Two recent news reports indicate that Singapore Airlines and Temasek Holdings may have found themselves on the wrong side of the law.
In one development authorities in New Zealand are prosecuting SIA (together with two other airlines) for price-fixing in the air-cargo market.
In the other, Temasek has been accused of financing an Internet dancing game known for luring vistors by using sleazy images on its site. The Ministry of Culture in China says that popular online dancing game, 9 You’s Audition Online, uses “vulgar” and “immoral” sexual images to entice gamers.
NZ cartel charges filed against airlines – Cathay, Singapore, Aerolineas
New Zealand Herald, 16 Jul 08
The Commerce Commission is taking three international airlines to court alleging poor disclosure as it probes claims of a price-fixing cartel in the $400 million air cargo market.
The commission said it has filed criminal charges in Auckland District Court against Cathay Pacific Airways, Singapore Airlines and Aerolineas Argentinas.
The charges allege non-compliance with notices seeking documents and information issued under the Commerce Act in October 2007.
If the airlines are found to be in breach of section 103 of the Commerce Act they can be fined up to $30,000.
One of the airlines charged, Cathay Pacific, says it has been co-operating with the commission, but after taking legal advice had decided not to provide information about activities outside New Zealand’s legal jurisdiction.
The commission declined to comment on the air cargo market investigation but said if it concluded there was a breach of the Commerce Act proceedings would be filed in the High Court later this year.
The commission today defended the use of statutory notices.
“Any failure to comply with commission statutory notices that form part of a commission investigation is a serious enforcement issue,” said chairwoman Paula Rebstock.
“Cartels are insidious and cause extensive damage to the New Zealand economy. They are difficult to detect and extremely difficult to investigate because of their secretive nature.”
The commission is investigating allegations that certain airlines have colluded and reached agreements and understandings on the level of cargo rates, including fuel surcharges on international flights to and from New Zealand.
Airlines earn more than an estimated $400 million each year transporting air cargo to and from New Zealand. A number of airlines are cooperating with the commission’s investigation.
Overseas competition authorities are also investigating the air cargo market.
In the United States British Airways, Korean Air, Qantas and Japan Airlines have settled and agreed to pay record fines.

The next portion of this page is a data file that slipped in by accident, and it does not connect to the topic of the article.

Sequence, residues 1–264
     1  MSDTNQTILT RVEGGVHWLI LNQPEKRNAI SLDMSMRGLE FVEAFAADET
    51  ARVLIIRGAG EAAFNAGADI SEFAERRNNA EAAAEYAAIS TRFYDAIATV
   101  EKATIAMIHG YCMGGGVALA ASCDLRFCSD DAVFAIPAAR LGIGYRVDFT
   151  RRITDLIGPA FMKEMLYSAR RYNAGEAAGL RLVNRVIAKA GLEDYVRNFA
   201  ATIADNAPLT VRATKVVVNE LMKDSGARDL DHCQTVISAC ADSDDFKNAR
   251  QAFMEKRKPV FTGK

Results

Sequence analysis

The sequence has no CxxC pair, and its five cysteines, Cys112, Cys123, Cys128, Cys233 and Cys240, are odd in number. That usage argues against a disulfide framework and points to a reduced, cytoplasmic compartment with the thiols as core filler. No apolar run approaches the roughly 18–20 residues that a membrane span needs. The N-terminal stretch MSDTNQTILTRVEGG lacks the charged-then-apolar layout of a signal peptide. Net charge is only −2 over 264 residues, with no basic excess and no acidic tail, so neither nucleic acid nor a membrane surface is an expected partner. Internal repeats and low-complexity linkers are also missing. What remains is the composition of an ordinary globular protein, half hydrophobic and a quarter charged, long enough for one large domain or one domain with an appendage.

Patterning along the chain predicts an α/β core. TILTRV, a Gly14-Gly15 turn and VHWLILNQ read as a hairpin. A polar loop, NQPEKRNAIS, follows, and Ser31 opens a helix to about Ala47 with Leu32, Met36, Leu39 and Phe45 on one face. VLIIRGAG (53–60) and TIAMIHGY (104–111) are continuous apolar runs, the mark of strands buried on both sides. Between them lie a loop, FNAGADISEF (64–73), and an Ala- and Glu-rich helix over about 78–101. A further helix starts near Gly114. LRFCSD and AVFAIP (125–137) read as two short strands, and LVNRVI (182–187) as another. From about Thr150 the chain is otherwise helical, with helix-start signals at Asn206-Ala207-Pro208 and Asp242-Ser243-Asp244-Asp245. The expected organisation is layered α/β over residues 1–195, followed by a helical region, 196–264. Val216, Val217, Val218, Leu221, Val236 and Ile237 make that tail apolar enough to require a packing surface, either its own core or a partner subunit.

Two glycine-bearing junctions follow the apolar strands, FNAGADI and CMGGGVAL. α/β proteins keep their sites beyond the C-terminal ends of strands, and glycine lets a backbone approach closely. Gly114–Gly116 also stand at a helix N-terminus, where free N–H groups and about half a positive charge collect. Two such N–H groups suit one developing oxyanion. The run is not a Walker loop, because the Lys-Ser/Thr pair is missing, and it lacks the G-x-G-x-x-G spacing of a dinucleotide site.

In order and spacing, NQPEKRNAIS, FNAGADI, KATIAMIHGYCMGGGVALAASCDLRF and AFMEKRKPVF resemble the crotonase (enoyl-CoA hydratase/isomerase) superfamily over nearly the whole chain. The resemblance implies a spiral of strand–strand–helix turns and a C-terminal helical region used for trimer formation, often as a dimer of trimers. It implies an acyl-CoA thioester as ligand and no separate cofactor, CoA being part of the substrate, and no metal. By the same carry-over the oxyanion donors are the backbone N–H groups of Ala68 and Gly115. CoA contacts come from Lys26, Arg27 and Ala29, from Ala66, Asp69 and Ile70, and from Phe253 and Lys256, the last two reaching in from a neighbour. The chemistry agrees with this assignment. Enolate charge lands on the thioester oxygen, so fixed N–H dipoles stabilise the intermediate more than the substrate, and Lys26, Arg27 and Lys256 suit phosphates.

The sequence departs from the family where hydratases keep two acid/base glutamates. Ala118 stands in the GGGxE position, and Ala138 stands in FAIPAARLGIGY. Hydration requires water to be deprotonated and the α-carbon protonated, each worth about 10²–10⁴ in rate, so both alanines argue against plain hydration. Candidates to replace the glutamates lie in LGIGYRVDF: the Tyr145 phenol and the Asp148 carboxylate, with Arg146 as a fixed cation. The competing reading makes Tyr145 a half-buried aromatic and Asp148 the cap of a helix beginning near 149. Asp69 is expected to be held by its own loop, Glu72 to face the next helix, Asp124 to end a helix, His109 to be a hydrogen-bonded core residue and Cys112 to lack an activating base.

In total, the US courts have already awarded penalties of US$1.2 ($1.57) billion against airlines for participation in a cartel that has increased air cargo rates to and from the United States.
Companies or individuals who bring a cartel to the commission’s attention can gain immunity from prosecution through the commission’s leniency programme.
A response to the Commerce Commission was released by Cathay Pacific this afternoon, under the name of the airline’s country manager David Figgins.
“Cathay Pacific can confirm that it has received a notice of court proceedings from the Commerce Commission of New Zealand with regard to the Commission’s investigation of the airline’s air cargo operations in New Zealand. The Commission alleges that the airline has failed to provide full disclosure of information relating to these operations, as well as those outside of New Zealand.”
9You, Temasek make $100 million deal with IPO not far off
China Venture News
The Chinese Internet gaming and social network portal 9You has gotten a huge infusion of cash from Singapore’s sovereign wealth fund, Temasek Holdings, Pearl Research reported on Friday.
Chris Morrison at Venture Beat describes 9You this way: 9You is something of a portal, offering games in every category (casual, hardcore and mobile) as well as some social networking tools and an assortment of unrelated services. It reports having over 120 million registered users, a bit under half of the country’s entire internet population.
The size of Temasek’s investment has lead to speculation about a 9You IPO not being far off. If so, it will not be 9You’s first try at an IPO.
9You looked set to launch an IPO in Osaka last year. A lawsuit over licensing fees for the online dance game Audition forced 9You to cancel its Osaka IPO in August. Korean game designer T3 Entertainment filed the suit. But 9You and T3 appear to have made up in September, according to a Gamasutra report.
The speculate is that 9You will again try to float an IPO, probably within a year or less.